rotate 52
        compress
        delaycompress
        notifempty
        create 640 root adm
        sharedscripts
        postrotate
                /etc/init.d/apache2 reload > /dev/null
        endscript
}

Manually Override DNS -Window, Linux and Mac Examples

Overview

First off, let me explain what a DNS Entry is in order for us to understand why we would need to override it. Basically a DNS entry is a record or entry that tells us what ip address is of a domain will point to. Such as an example (not actual) IP of 66.12.23.124 could point to a domain such as www.example.com.

Say perhaps we are updating a DNS entry and as the nature of DNS would have it, sometimes it will take up to 48 hours for the DNS to propagate through the Internet. Or perhaps we don’t want to update a DNS record which could affect everyone but rather just change a record for ourselves, locally. In these case, we can manually override the DNS change which will only reflect on our local machine. Below I will show you how to achieve this on Windows, Linux and Mac.

Manually Override DNS on Windows

Open up the hosts file located under “C:\Windows\System32\etc\drivers\“. In there you will see the IP address in the left column and a space separated list of domains to the right. The below example will set the 3 domains of www.example.com, anotherdomain.example.com and lastdomain.com to the IP address of 10.0.0.1.

10.0.0.1 www.example.com anotherdomain.example.com lastdomain.com

Manually Override DNS on Linux

vi the hosts file which is located under /etc/hosts. Add in a line below the last entry in the same fashion as you would for windows. For example if you wanted to change the ip address for the domain www.example.com to point to 192.168.0.20 you would enter:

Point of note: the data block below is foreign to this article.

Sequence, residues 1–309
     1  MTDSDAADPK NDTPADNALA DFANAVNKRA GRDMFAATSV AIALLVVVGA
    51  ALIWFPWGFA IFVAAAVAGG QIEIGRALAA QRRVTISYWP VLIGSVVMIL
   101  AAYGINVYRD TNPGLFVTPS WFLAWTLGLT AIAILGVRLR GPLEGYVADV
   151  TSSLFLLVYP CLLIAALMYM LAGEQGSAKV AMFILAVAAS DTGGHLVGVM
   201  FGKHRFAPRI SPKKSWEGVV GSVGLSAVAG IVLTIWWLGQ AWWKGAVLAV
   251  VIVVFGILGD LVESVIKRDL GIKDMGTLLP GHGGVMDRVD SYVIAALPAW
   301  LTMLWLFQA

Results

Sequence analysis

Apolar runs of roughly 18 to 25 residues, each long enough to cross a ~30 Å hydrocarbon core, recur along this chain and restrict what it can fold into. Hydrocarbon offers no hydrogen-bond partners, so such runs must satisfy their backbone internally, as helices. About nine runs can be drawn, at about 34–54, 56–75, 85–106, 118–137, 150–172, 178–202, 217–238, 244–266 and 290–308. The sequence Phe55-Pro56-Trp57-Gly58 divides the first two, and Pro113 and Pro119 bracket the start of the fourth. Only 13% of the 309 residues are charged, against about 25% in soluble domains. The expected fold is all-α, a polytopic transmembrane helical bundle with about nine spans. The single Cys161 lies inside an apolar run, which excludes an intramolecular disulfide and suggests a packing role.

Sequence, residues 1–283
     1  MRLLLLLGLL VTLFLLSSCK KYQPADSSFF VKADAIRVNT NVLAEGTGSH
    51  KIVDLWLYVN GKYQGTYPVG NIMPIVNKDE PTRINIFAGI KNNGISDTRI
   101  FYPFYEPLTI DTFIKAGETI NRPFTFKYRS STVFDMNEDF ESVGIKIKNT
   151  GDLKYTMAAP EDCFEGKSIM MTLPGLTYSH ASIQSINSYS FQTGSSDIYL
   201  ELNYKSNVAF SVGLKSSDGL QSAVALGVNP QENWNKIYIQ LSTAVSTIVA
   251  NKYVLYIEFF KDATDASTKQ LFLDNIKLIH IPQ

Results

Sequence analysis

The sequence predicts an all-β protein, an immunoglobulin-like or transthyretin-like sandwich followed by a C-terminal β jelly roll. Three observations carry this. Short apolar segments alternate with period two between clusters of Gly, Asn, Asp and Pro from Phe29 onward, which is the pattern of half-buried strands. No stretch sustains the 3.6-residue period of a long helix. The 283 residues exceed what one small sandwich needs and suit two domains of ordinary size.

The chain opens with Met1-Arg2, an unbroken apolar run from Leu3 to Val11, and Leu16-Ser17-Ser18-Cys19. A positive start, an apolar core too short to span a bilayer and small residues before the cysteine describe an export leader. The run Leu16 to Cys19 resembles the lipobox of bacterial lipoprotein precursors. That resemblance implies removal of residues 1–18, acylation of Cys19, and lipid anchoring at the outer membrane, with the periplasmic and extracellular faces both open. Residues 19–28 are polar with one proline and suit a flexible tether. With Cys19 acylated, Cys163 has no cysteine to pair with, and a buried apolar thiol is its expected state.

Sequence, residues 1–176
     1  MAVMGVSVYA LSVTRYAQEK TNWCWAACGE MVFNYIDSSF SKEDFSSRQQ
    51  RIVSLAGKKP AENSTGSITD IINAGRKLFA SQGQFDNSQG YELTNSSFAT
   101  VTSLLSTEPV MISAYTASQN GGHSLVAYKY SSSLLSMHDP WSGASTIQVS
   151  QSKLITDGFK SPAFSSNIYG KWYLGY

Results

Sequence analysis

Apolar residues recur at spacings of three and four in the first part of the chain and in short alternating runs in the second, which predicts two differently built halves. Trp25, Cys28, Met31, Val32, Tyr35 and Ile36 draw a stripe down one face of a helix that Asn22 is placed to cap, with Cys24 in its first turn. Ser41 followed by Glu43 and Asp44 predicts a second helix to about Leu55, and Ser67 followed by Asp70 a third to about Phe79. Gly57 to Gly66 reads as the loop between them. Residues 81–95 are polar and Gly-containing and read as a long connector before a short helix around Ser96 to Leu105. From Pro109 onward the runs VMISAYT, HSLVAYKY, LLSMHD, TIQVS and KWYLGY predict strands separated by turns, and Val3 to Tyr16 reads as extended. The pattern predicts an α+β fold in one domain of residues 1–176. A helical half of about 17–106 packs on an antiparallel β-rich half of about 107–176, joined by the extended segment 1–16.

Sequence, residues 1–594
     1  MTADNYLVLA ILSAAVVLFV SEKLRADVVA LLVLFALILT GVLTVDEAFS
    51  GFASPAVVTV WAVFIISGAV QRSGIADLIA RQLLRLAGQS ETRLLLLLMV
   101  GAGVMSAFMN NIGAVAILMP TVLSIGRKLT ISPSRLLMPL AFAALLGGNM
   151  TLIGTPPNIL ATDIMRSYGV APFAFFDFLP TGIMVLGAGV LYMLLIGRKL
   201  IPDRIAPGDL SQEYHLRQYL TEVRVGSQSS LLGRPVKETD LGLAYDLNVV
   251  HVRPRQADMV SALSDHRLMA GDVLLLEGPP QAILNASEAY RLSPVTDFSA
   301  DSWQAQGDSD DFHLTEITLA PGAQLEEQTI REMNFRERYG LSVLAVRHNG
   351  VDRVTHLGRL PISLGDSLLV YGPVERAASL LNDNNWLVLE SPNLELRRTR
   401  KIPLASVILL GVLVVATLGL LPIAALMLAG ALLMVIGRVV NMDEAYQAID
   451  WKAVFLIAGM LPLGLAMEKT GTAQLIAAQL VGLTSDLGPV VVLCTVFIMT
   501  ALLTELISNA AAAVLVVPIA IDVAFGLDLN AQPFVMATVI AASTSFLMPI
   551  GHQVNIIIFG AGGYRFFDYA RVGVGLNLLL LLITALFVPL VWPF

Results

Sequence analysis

10.0.0.1 www.example.com anotherdomain.example.com lastdomain.com

Manually Override DNS DNS on Mac

Mac is the same as the above linux example. Simply edit the hosts file under /etc/hosts and add in the entries as needed. So again, you could enter something such as:

172.10.1.5 www.anydomain.com

Manually Override DNS Using IPV6

You don’t always have to use a standard IPV4 as the IP address. You can also use IPV6 and enter it into any of the hosts files like so:

fe80::1%lo0 localhost

And that is all there is in Manually Override DNS in windows, linux and mac.

Using Curl As A Wget For Mac Replacement

Overview

I was trying to download a file on my Mac and realised that there is no wget for Mac. Since I consistently use wget I decided to find a way to get wget for mac. I found a quick way to create an fake wget command by creating an alias of curl. By creating the alias, I am able to call ‘wget’ and it will invoke curl -O in the background and download the file just as wget would have. This is a quick way to get wget for Mac.

Using Curl As A Wget For Mac Replacement

In order to create an alias of `wget` that will simply run the command curl -O I ran the command below:

echo 'alias wget="curl -O"' >> ~/.bash_profile

Now when i type ‘wget http://www.example.com’ it will download the url as you would expect from wget. As mentioned before, in the background it will be invoking curl to download the file. So when I run `wget`, it is actually executing curl -O to download the file as we won’t even notice the difference. Well maybe a small difference. But the end result is the same and your file is downloaded.

Example Using The Replacement wget For Mac

wget http://www.example.com/helloworld.html

The -O option to curl tells curl to save the URL as a file rather than displaying the source.

And that is all there is to it.

Why Unix Timestamp Is Useful

Overview

Unix timestamps are a way or storing a specific date and time. Unix timestamps are a 10 digit number that represents the number of seconds that have passed since midnight Universal Co-ordinated Time (UTC) of January 1st, 1970.

What makes timestamps ever so useful is that since timestamps are recorded as of UTC (or GMT) a single time stamp can be used to to represent all time zones. Once you have your timezone, the unixtime stamp will adjust the time accordingly. For example, a unix timestamp of 1304951846 can represent 10th May at 0:37 AM in London, but it would also represent 10th May at 10:37 AM in Brisbane/Australia.

Why Unix Timestamp Is Useful